Do plants suffer like animals?

Do plants suffer like animals?

When the subject is opened from veganism or vegetarianism, one of the places where the conversation turns around is that the plants do not suffer like animals. Can plants really suffer like animals?

One of the most useful methods for reasoning in biology is to perform induction by reviewing evolutionary processes.

The main factor in the evolution of the nervous system in a living being is mobility. Mobility: It is essential to find food, to breed and to avoid creatures that can rival it both now and in the future. The fact that a living thing that cannot move has the ability to suffer is not an evolutionarily logical strategy. Plants do not suffer, but, like all living things in nature, they react to external stimuli, if not, they would not be considered alive.

If an animal has been subjected to a physical (let’s emphasize that it is physical) threat to life, its body reacts to it. Many pathways become active to repair tissue damage. Pathway: They are notification systems that enable certain changes in the cell to occur by interacting with biological mechanisms, proteins and other biological molecules. For example, the insulin pathway, which is not related to repairing tissue damage, but will allow them to understand: insulin delivered to the blood binds to insulin receptors in the body, and the insulin pathway is activated by interacting with some signal molecules under the receptor.

In addition to repairing tissue damage, one of the reactions the body needs to take is immediate action to get away from the dangerous stimulus. Because if it is not moved quickly enough, the damage can become irreversible or result in death.

There is a cognitive (information processing) process as well as a physical process of feeling pain. The nervous system does not only work on instant reaction and avoiding danger. It is also necessary to keep the acquired knowledge in order to increase the probability of survival in the future.
A cut in the leaf of the plant causes calcium fluctuations. This is a known phenomenon in multicellular organisms. Calcium provides intracellular and intercellular message transmission. Calcium plays a role in signal transduction in hormone pathways in the animal body (the pathway system I mentioned earlier).

In the nervous system, there is signal transmission between neurons. Signal transmission enables the processing of information and takes place based on neuronal voltage changes. Of course, calcium delivery is also present in the brain to inform the local state of the glial cells. However, the aim here is to spread local information both within the cell and to report it to other cells. The process of information processing through notification is different, and the process of suffering is related to the processing of information.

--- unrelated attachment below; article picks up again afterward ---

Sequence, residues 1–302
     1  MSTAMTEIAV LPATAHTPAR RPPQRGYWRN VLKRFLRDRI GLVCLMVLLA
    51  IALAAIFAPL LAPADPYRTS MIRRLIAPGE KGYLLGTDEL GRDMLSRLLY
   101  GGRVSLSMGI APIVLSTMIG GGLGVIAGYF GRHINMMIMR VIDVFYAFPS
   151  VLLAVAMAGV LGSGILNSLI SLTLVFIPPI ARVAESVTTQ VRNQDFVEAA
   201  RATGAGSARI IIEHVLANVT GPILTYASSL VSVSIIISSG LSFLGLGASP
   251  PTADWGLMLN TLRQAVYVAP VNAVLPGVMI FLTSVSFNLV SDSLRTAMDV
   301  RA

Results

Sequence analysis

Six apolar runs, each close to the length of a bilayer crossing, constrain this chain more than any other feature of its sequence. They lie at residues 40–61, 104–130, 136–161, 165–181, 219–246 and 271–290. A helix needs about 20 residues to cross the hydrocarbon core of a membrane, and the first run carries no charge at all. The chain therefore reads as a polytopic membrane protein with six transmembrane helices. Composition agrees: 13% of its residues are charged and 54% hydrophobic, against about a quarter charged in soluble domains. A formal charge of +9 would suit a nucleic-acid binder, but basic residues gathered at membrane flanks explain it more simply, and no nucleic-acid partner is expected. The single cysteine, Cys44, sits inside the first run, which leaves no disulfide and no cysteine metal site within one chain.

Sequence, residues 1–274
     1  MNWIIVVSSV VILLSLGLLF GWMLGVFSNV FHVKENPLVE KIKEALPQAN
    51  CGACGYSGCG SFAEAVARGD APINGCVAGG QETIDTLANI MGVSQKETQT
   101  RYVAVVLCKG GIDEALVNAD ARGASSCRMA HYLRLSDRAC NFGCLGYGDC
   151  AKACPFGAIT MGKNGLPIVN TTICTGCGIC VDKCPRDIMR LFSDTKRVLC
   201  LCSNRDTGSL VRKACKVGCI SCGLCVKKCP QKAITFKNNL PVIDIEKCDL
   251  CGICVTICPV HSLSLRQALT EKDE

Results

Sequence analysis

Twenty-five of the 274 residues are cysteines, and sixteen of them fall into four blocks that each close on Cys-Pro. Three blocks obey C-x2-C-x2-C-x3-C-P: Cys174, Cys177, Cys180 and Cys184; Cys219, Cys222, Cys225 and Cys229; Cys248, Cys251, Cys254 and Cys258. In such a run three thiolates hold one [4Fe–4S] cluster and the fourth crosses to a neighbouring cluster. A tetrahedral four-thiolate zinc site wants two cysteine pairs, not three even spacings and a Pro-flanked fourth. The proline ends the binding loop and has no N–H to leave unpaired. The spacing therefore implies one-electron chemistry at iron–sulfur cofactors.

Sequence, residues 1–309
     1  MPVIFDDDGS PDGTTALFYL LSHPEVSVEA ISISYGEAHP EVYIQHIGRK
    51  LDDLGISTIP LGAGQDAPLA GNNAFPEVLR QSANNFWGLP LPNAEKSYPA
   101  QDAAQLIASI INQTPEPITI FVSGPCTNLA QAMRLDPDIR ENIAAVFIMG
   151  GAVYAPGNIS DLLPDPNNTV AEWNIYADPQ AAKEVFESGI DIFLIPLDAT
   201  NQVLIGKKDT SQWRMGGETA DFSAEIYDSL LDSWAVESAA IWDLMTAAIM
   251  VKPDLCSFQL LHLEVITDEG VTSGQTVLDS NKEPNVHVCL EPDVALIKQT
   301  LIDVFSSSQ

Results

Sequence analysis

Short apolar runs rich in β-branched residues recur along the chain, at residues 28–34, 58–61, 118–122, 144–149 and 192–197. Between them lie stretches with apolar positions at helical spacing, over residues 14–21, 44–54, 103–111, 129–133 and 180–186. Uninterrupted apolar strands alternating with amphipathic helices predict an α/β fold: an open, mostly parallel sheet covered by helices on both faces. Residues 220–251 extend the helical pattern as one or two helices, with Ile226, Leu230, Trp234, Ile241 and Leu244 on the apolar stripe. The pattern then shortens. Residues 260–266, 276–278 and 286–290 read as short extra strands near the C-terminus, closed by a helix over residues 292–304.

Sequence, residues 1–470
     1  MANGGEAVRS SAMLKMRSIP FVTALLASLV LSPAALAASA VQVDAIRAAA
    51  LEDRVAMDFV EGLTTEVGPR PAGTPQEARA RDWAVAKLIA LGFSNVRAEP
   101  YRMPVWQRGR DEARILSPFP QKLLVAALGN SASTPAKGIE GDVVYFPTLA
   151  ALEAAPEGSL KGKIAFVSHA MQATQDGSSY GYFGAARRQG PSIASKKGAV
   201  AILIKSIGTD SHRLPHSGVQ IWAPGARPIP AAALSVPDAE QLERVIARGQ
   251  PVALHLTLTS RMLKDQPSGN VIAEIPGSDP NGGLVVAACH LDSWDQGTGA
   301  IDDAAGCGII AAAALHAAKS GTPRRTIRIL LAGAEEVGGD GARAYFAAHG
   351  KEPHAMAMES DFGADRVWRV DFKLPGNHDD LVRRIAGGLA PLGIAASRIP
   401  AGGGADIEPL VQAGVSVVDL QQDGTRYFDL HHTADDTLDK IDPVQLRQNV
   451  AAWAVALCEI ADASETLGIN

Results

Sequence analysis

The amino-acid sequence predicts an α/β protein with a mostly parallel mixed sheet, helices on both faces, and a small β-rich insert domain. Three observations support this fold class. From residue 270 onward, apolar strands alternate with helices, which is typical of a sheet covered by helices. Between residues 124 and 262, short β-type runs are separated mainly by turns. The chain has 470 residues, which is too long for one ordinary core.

There is no signal transmission (voltage change for information processing) in plants. Plants may be using voltage systems to react, but this does not mean that they are using it for signal transmission or information processing. Because voltage changes in the nervous system can be transferred to cells of the same type as if it were an electrical line, and specialized cells are required for that purpose (neuron) in order for this to happen.

Plants have signal transduction and hormonal transmission instead of neuronal signal transmission (notification). If this kind of notification takes up to 2 minutes to propagate, this is not a process of suffering, it is the process of reporting, and that is the situation in plants. Suffering processes need to be faster.

The purpose of the system here is that the damaged part of the plant sends local signals and informs the living thing about tissue damage so that resources can be provided for repair, genes become active and protein synthesis begins. So, it’s actually a hormonal signal rather than a pain signal. Like the coagulation pathway that is active when you cut your finger.

Meanwhile, the fact that the receptor responsible for this process in plants is the glutamate receptor and that it plays a role in the learning and memory processes in the nervous system does not constitute anything other than the fact that it is functionally well maintained under evolutionary conditions. This only shows evidence that there is a primitive response system in plants. It does not mean that they are in pain. Complex processes such as pain do not occur in the absence of more complex anatomical structures, systemic organization, and plasticity, so neurons are needed. This is the case with plants.

In cognitive systems such as pain, the existence of learning, acting and advanced perception systems is essential for a process that requires the processing of information. Although these are not in plants, this research only shows that there is a long-distance reporting system in plants.